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Echosens Publishes New White Paper, Highlights Impact on U.S. Financial Solvency

July 16, 2019

The Economic Tsunami of Liver Disease

WALTHAM, Mass.–(BUSINESS WIRE)–Echosens, a high-technology company offering the FibroScan family of products, today announces the release of its white paper “The Economic Tsunami of Liver Disease,” articulating how a disease once considered uncommon in the 1980s is now a major epidemic. Author Dr. Stephen A. Harrison, M.D., FACP, FAASLD, COL (ret.), USA, MC, visiting professor of Hepatology, Radcliffe Department of Medicine, University of Oxford, medical director, Pinnacle Clinical Research provides expert guidance on how liver disease is poised to further escalate U.S. healthcare costs, and presents solutions for early detection and lifestyle changes.

Dr. Harrison says, “In this white paper, we explore the growing body of data that show how nonalcoholic fatty liver disease (NAFLD) is becoming recognized as a significant burden to patients, providers, and the overall healthcare system. One study concluded that the costs associated with the care for NAFLD were significantly higher than matched controls with similar metabolic profiles, even before the introduction of pharmacological treatments.”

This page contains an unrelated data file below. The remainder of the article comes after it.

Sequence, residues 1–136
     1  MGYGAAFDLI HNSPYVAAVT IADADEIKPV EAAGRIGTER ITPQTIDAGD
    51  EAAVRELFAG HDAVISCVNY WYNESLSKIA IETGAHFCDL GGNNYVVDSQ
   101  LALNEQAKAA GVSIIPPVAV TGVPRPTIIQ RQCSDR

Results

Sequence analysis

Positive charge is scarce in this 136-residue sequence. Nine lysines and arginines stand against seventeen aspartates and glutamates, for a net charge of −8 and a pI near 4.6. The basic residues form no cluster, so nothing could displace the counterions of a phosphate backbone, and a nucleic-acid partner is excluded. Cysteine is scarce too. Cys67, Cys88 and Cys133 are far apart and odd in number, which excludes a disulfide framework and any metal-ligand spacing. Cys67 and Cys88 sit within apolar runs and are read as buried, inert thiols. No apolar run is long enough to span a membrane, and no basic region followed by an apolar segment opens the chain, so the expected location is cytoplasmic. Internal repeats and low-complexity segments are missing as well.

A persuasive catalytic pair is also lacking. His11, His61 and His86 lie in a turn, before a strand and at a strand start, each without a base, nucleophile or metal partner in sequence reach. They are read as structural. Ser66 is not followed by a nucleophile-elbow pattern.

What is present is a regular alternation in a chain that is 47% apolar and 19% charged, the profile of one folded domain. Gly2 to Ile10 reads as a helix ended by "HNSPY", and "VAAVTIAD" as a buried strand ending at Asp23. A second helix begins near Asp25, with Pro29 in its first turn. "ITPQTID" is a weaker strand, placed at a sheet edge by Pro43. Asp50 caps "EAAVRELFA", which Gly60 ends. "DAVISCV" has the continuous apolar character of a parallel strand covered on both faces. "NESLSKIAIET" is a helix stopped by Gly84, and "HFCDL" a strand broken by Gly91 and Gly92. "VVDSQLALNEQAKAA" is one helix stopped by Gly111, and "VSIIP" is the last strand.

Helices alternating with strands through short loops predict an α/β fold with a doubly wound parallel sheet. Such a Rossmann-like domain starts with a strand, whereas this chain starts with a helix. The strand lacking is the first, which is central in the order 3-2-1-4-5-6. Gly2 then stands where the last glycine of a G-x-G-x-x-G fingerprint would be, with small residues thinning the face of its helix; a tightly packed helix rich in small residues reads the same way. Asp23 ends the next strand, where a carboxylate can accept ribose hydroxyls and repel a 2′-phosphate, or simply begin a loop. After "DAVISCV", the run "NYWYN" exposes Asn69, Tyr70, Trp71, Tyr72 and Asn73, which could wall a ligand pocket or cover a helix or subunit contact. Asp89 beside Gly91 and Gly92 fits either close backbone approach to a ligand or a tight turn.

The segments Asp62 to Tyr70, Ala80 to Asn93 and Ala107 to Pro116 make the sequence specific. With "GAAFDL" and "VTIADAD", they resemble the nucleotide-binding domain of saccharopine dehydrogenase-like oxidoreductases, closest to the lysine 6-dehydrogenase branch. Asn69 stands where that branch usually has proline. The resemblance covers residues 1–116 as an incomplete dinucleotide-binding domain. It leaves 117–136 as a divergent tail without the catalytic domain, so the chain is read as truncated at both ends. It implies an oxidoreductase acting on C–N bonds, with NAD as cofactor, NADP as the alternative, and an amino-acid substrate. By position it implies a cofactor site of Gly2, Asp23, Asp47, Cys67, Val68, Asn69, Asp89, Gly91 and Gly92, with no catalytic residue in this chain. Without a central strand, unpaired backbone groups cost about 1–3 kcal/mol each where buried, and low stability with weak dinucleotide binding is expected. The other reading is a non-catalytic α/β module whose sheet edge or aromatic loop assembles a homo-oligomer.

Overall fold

He stresses that recent advances in diagnosis make it possible for PCPs to be more proactive and efficient in the screening of patients with T2DM and NAFLD. NAFLD, which affects roughly 100 million Americans, costs $32 billion annually to the U.S. healthcare system, almost as much as the $34 billion annual costs of strokes.

“In this white paper, we explore and establish the role of clinicians, including PCPs, to utilize cost effective risk stratification tools, such as FibroScan, a painless five-minute procedure as part of an overall workup to help diagnose NALFD early on,” explains Dr. Harrison. “As part of an overall patient assessment at the point of care, non-invasive FibroScan based assessments may reduce the significant specialist referral costs and with earlier identification of potentially advancing disease, support earlier interventions to improve outcomes.”